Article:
The History of Valentine’s Day

Why do we love to celebrate Valentine’s Day?


Like many other special days we mark, such as Mother’s and Father’s Day for instance, maybe we should celebrate and spoil our ‘other halves’, our ‘true loves’, every day rather than just once a year… However the 14th February, Valentine’s Day, is a great excuse for giving a little something to the one you love and indulging in a little romance, especially if it involves champagne, chocolate and a few choice blooms in the dark days of February!

But what is the history of Valentine’s Day ? Who do we have to thank for all this romantic opportunity..? ‘All roads lead to Rome’, to coin an overused but all-the-same excellent phrase. In these modern times, we still think of Rome, and in fact Italy as a whole, as a traditionally romantic place, for love and lovers, and as a people, the Italians are often described as expressive, affectionate, passionate and amorous; all perfect character traits for love and lovers. And, it seems that Rome has always been a place for love, as there are several links, albeit tenuous, to the history of Valentine’s Day and the Italian city.

One being the festival of Lupercalia, which is a celebration of an ancient Roman fertility rite, thought to have happened in Rome around the 14th February, and thus tradition of love and romance on this day was borne. Another school of thought is that this date was the traditional day to celebrate Juno, the Queen of Roman gods and goddesses and their marriages, so, once again, it makes sense to celebrate love and romance on this day.

Yet another Rome-based theory is that Valentine’s Day and Valentine’s cards are thought to have originated from the ancient Christian calendar’s day to celebrate Saint Valentinus. Valentinus is said to have ministered weddings for Roman soldiers, although they were forbidden to marry, and for which he was imprisoned. Legend has it that during his captivity he healed a poorly young girl, Asterius, who was in fact his jailor’s daughter, however, even so, he was condemned to death, and just before his harsh fate, he wrote Asterius a letter, signed ‘Your Valentine’, as a goodbye.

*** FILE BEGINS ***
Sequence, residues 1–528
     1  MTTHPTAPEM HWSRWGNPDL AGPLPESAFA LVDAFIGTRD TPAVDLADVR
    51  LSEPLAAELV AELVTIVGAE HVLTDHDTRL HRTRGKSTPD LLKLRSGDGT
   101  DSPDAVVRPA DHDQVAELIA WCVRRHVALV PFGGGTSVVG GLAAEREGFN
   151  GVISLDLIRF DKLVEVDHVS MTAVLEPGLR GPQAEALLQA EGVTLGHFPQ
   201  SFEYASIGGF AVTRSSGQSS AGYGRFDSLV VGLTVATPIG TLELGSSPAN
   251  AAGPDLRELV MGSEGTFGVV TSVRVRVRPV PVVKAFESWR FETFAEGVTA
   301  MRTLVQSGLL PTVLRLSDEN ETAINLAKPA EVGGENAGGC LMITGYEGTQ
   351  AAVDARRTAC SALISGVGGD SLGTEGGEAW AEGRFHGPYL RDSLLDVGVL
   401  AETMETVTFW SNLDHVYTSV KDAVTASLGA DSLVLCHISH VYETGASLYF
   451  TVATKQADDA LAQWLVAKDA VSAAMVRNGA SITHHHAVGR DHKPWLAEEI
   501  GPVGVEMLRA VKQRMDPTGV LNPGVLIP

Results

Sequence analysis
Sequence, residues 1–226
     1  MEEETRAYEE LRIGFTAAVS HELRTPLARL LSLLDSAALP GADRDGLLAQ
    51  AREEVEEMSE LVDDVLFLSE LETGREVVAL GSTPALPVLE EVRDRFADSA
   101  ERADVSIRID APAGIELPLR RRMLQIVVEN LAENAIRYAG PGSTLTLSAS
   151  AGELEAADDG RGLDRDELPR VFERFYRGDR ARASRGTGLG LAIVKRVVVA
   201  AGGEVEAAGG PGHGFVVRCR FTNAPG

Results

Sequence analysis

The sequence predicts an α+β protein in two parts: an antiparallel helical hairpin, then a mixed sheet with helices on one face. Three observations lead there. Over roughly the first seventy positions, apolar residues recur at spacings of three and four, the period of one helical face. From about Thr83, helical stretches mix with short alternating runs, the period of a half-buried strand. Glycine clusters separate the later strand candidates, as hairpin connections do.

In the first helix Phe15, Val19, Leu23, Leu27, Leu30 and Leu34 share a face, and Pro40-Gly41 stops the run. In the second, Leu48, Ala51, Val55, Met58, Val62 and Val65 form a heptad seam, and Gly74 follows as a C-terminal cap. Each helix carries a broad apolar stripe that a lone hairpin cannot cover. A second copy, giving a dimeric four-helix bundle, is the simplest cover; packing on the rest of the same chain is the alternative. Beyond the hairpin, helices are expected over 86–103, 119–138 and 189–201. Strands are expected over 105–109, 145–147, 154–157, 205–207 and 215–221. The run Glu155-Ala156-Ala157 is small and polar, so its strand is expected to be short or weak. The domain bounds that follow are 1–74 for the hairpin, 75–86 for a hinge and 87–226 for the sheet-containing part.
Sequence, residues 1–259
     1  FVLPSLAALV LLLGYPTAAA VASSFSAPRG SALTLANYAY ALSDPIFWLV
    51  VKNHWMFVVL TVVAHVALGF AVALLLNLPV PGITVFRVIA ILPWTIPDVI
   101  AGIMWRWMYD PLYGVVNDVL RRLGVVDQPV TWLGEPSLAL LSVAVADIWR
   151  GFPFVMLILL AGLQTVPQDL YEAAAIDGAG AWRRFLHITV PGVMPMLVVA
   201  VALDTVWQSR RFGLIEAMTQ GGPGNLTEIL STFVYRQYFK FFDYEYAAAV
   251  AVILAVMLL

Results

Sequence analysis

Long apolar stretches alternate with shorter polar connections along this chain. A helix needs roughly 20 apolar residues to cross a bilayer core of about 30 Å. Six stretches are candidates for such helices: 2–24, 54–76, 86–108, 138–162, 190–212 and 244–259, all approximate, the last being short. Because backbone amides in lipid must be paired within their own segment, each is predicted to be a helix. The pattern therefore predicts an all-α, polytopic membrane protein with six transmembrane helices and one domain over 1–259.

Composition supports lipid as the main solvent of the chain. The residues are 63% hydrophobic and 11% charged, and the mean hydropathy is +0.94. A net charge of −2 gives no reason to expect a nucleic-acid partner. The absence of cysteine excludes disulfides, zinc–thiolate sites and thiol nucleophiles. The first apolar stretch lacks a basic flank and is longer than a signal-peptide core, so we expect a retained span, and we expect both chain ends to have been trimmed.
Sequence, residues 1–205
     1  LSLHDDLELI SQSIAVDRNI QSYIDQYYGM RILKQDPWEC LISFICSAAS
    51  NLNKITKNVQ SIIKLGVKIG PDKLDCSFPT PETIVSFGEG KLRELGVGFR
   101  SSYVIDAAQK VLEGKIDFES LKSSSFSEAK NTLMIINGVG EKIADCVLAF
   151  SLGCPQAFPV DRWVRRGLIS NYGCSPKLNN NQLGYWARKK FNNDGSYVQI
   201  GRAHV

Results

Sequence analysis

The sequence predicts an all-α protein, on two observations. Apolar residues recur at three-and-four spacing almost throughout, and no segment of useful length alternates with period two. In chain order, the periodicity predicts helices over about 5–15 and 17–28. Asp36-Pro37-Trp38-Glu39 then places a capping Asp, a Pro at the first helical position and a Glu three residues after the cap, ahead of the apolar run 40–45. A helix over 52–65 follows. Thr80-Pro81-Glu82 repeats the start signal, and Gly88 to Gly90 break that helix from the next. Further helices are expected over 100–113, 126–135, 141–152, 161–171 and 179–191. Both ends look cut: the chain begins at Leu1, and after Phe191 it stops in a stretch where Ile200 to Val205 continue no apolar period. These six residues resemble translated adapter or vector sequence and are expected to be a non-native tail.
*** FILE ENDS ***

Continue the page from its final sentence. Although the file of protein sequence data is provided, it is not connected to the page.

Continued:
If this is all too tragic for what should be a romantic day, maybe we can turn to literature to explain things… The first nod towards actual romance around this day is from the 14th Century, so a relatively more modern source, when Geoffrey Chaucer, the English writer, wrote, in 1382:

For this was on St. Valentine’s Day,
when every bird cometh there to choose his mate

As Chaucer was, in fact, commemorating the union of Richard II and Anne of Bohemia in early May – the natural time of year for the birds to be choosing a mate, it is unlikely Chaucer did actually mean February 14th but instead the feast of Valentine of Genoa (Italy again!), which is celebrated at the beginning of May, however let’s not let a debate about the origins spoil an excuse for a romantic day!

The modern day version of Valentine’s Day can be traced back to even more recent times. During the 18th Century, as courtly love and romance become more ‘explicit’, people became more publically demonstrative, and expressed their love by giving confectionery, flowers and handwritten notes called ‘Valentines’. The tradition has continued into the modern day, albeit very few are lucky enough to receive a handwritten note or love-poem, as mass-produced Valentine’s cards were introduced in the 19th Century and are the norm today.


Many countries enjoy celebrating Valentine’s Day, albeit sometimes in different guises, for example Italy celebrates the 14th February as Il giorno della festa degli innamorati, translated as ‘On the day of the feast of love’, and throughout Europe Valentine’s keys have often been given, to symbolise the unlocking of hearts. This has can be said to have evolved into Lucchetti dell’Amore or ‘Locks of Love’, a recent trend kick-started by the novel and film Ho Vogliodi te or ‘I want you’ where the main characters, in an attempt to demonstrate that their love is forever, tie a chain and a padlock around a lamppost on the north side of Rome’s Ponte Milvio and inscribe their names on it, lock it and throw the key into the Tiber River.

This romantic act has prompted a spate of ‘copy-cat’ love-lock locations in Europe, Asia and North America, such as Pont des Arts Bridge, Paris, Hohenzollern Bridge, Cologne, Mount Huang, China and Brooklyn Bridge, New York. These padlocked phenomena can also be found in relatively unassuming and off-the-beaten-track places, for example the heavily padlocked bridge (the multitude of locks looked as if they had been breeding!) over the River Wye in the beautiful sleepy Derbyshire town of Bakewell, which now makes perfect sense!

So ‘unlock’ your romantic side, with some roses, chocolates and a little fizz to remind the one you love that, well, you love them…


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